Debra J. Saunders

 But then, as Bruin so aptly observed, there is no understatement in "The Swan." The "before" photos of contestants are as unflattering as possible. The "after" versions are all big hair and too much makeup. If the show started with Michelle Pfeiffer and Cameron Diaz, the "before" photos would look dowdy, while the "transformed" contestants would look like two Dolly Partons.

 Bruin resents the message that women should look perfect and that if they have surgery, their lives will be better.

 As the Web site about-face.org notes, "'The Swan' is one more way women and girls will get the message that they are not good enough unless they go to extremes to fit into an increasingly narrow ideal (and even then ... not everyone will win this beauty pageant!). It's alarming that cosmetic surgery is becoming 'normal' through media messages, and 'The Swan' is the worst perpetrator yet."

 Some message: The key to inner harmony is in outer packaging.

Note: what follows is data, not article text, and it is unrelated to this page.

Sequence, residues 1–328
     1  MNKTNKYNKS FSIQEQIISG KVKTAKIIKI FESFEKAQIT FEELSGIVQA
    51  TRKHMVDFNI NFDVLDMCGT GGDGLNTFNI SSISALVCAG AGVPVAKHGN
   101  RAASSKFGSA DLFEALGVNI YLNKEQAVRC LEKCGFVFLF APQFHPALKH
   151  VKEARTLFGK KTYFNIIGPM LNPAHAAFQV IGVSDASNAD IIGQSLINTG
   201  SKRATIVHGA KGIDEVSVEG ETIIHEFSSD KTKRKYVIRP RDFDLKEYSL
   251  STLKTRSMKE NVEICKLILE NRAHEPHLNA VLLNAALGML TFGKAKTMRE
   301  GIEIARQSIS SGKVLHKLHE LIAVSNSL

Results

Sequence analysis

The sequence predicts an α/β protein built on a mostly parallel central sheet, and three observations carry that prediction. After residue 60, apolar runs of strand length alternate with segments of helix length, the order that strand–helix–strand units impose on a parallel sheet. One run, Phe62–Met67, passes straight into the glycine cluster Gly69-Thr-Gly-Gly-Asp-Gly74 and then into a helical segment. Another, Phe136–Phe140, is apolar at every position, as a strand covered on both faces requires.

"When you think of 100 years ago," Bruin noted, "the way women bettered themselves was to learn piano, learn to sketch," maybe cross-stitch. Women bettered themselves, that is, by improving their minds.

 But in today's skin-deep, no-wait world, self-improvement means seeing a plastic surgeon. Nip and tuck.

 The storybook swan is meant to assure awkward children that a beautiful being dwells inside them and that they will grow into that person. TV's "The Swan" is the shortcut, and it only applies to people with a ticket to a plastic surgeon. Girls don't grow into beautiful women; doctors make them beautiful.

 To support the illusion that the producers care about their contestants' mental well-being, "The Swan" provides a therapist to assist the women in "their inner transformation."

 If the therapist is any good, pageant contestants will revolt in the final episode. They'll say, "So long!" to the competition, arm themselves with the markers used to outline the imperfections on their bodies, then round up their re-makers and order them to take a long look in the show's big mirror. In the end, all the contestants would be winners, while the "panel of experts" would see themselves for the ugly ducklings they truly are. Quacks.


Debra J. Saunders


 
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